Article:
Water Distribution and Maintenance
The City of Woodstock is responsible for the distribution of water and maintenance of the water system within the city boundaries.
Drinking Water Quality Management Policy
The Woodstock Drinking Water Distribution System is owned by the County of Oxford and operated by the City of Woodstock's Engineering-Water Distribution & Maintenance Department. Both the Owner (County of Oxford) and the Operating Authority (City of Woodstock) are committed to the objectives outlined below.
The County of Oxford is committed to providing its customers with safe, potable drinking water in the interest of protecting public health. These outcomes will be achieved by:
- Providing drinking water that consistently meets or exceeds regulatory and customer requirements.
- Participating in appropriate research of Best Management Practices to enhance our understanding of drinking water quality issues and optimize performance.
- Promoting sound relationships with our customers, stakeholders, regulators and employees and integrating their needs and expectations into our planning.
- As a minimum, meeting the requirements of all applicable legistation and regulations.
The County of Oxford Public Works will implement and maintain a Drinking Water Quality Management System as outlined by the Ontario Ministry of Environment. All managers and employees involved in the supply of drinking water are responsible for understanding, implementing, maintaining and continually improving the Drinking Water Quality Management System.
For more information visit the County of Oxford site.
Water Distribution Department
The main source of the City’s water supply is the well field located just off Sweaburg Road, locally called “The Sweaburg Swamp”. It is located north of the Village of Sweaburg, south of Highway 401 and south-west of the City of Woodstock.
The County of Oxford has seven wells in the Sweaburg area and an additional three wells within the City itself.
Water is pumped out of the ground and flows into Woodstock from the well field by gravity and pressure through four pipelines. These pipelines move the water to the pumping plant located on the east side of Southside Park.
At the water plant, the water is chlorinated for purification and pumped under pressure of about 80 pounds per square inch into the City’s water distribution system.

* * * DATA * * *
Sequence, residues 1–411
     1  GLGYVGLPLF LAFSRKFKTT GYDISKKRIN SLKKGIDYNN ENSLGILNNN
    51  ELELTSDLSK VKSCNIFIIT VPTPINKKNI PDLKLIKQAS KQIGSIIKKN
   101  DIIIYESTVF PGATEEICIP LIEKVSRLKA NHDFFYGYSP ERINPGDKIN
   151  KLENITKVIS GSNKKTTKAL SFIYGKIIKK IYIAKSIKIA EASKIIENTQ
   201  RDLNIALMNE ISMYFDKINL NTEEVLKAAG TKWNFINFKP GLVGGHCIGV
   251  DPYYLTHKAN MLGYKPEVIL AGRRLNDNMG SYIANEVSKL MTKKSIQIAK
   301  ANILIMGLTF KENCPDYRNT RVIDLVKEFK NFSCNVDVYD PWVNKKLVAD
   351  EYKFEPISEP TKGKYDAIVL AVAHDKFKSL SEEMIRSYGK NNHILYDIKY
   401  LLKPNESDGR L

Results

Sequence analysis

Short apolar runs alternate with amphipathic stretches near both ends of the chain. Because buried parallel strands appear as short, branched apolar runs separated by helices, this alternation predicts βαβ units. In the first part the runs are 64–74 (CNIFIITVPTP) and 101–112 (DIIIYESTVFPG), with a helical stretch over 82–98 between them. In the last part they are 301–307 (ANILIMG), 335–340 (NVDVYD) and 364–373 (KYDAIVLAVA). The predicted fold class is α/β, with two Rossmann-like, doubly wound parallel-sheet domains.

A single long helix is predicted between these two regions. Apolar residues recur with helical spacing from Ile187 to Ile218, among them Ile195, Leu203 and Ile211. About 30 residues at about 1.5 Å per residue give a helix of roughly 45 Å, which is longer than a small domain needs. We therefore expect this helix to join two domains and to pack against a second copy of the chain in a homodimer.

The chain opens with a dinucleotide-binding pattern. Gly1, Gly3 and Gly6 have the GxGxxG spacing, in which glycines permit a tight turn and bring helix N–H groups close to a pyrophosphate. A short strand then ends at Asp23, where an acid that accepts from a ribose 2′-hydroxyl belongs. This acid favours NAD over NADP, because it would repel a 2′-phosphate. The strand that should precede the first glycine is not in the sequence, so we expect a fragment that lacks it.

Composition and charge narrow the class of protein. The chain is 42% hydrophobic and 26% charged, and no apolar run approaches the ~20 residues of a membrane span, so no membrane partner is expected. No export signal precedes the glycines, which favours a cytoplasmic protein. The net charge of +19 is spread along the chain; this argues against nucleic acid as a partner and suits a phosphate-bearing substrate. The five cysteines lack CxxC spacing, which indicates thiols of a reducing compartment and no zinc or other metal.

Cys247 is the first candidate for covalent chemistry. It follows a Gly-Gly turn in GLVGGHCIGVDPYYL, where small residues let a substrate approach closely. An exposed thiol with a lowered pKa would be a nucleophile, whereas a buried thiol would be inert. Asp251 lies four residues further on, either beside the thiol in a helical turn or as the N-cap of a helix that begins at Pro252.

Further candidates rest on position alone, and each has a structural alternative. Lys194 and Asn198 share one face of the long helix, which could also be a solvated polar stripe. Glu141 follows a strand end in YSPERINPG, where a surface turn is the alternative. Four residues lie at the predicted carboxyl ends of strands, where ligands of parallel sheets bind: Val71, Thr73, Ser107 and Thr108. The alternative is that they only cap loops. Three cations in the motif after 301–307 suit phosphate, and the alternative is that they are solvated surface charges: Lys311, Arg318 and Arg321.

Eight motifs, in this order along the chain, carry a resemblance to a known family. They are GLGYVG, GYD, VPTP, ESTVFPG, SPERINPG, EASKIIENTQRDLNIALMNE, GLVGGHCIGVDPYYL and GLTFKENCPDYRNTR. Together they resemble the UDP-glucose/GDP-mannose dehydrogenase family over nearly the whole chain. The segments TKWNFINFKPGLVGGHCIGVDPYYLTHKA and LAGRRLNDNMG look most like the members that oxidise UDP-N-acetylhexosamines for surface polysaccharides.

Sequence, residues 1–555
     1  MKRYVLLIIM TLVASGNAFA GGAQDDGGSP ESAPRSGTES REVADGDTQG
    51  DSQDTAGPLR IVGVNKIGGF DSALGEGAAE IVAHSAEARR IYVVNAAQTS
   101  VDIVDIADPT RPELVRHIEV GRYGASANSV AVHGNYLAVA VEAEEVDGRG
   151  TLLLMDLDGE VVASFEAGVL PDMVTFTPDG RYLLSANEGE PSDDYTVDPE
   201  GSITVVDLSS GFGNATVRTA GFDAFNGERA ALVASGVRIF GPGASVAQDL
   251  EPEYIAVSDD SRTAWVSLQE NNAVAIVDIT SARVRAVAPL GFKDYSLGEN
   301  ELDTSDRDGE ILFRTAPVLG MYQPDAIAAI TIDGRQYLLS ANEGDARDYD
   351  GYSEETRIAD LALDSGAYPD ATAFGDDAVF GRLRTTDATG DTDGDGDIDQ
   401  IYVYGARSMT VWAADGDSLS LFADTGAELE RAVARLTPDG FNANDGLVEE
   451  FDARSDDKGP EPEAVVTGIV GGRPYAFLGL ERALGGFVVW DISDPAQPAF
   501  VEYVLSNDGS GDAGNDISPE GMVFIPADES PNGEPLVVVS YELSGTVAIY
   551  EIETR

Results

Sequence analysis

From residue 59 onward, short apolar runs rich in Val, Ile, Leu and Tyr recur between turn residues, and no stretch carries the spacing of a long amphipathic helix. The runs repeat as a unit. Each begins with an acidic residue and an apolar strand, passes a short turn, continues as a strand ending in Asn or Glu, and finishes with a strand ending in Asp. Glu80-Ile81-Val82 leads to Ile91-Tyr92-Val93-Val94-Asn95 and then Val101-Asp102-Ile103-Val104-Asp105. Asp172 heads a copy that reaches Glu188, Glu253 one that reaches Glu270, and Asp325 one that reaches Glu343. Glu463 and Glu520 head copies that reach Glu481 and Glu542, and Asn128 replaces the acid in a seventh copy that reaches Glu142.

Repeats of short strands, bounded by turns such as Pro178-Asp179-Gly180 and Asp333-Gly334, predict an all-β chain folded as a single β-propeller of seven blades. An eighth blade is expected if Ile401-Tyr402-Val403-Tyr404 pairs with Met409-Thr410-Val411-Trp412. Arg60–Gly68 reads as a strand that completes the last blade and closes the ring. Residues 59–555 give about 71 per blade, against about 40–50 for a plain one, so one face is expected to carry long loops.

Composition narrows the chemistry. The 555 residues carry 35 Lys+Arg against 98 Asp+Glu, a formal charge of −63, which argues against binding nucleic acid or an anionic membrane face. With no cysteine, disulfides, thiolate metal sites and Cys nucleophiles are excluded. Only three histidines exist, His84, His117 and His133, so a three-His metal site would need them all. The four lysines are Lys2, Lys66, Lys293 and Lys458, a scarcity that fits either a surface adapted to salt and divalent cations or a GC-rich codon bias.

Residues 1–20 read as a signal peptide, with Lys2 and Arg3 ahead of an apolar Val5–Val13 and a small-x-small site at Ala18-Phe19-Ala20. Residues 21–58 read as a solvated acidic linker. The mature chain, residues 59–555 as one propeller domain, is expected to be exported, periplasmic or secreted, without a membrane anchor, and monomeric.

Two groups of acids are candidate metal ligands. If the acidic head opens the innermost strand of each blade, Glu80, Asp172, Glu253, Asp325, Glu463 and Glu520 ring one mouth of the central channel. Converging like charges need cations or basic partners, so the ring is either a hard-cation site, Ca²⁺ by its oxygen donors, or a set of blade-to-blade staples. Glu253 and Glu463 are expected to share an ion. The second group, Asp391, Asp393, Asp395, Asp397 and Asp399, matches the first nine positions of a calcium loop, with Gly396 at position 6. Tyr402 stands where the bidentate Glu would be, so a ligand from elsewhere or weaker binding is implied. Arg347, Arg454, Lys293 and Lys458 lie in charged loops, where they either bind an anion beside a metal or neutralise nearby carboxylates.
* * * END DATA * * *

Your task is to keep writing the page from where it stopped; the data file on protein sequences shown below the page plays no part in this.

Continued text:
The City of Woodstock’s Water Distribution Department is then responsible for the delivery of water to homes, businesses and industrial customers through a complex network of water mains, which if measured end to end, would be approximately 210 kilometers in length. Currently, the City services approximately 11,320 residential customers and 910 industrial and commercial customers.
As part of the maintenance process, there are 980 fire hydrants and 2,650 primary water valves and 910 backflow preventors that are required to be serviced on a yearly basis.
Sanitary Sewer Laterals
The City of Woodstock's policy regarding sewer lateral problems is that the owner is responsible for their lateral to the City's main sewer with the exception of the fact that, if it can be shown to the City that there are tree roots from a City Tree, then the City will pay $175.00 towards the cost of the work required to remove the root blockage.
The property owner is responsible for retaining a plumber or contractor to determine the extent of the problem.
The City must be notified and inspect the site during the removal of roots. Similarly, in the case of excavation of the lateral, the owner or contractor shall expose the lateral at the street line and contact the City immediately to confirm the cause of the problem. If the lateral is found to be collapsed or broken on the road allowance and an inspection by an authorized City Official is made, the City will then assume the total cost of the repair within the road allowance.
Please note that should the sewer be blocked because of improper use (such as rags, etc.), then it will still be the owner's responsibility to pay for the cost to clean the lateral and repair it.
We wish to make clear that just because a blockage is created on City property, it does not necessarily follow that the City will pay the cost to resolve the problem.